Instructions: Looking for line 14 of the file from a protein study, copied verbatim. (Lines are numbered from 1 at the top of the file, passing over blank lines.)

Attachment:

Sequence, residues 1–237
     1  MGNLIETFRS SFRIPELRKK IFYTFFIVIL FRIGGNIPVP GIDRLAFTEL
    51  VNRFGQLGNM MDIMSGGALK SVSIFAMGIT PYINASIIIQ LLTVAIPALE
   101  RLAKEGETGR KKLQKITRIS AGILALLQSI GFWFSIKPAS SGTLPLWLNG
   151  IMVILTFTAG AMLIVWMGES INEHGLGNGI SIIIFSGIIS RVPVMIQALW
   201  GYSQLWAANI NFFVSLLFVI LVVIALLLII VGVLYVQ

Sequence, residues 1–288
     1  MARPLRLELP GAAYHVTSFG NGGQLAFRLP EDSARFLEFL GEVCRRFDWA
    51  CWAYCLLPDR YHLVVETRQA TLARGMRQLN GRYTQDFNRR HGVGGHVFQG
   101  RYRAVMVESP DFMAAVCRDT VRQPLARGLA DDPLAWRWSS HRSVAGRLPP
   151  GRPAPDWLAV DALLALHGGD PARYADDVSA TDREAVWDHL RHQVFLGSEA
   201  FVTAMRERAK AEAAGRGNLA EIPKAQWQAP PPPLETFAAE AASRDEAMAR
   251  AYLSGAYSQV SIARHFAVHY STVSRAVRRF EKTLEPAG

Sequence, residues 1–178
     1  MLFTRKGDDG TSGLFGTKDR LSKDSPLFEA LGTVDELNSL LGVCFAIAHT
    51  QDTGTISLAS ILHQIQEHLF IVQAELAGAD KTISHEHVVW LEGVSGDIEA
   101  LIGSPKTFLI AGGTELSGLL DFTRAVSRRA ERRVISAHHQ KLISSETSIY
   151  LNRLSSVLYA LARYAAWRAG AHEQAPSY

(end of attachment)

Sequence, residues 1–178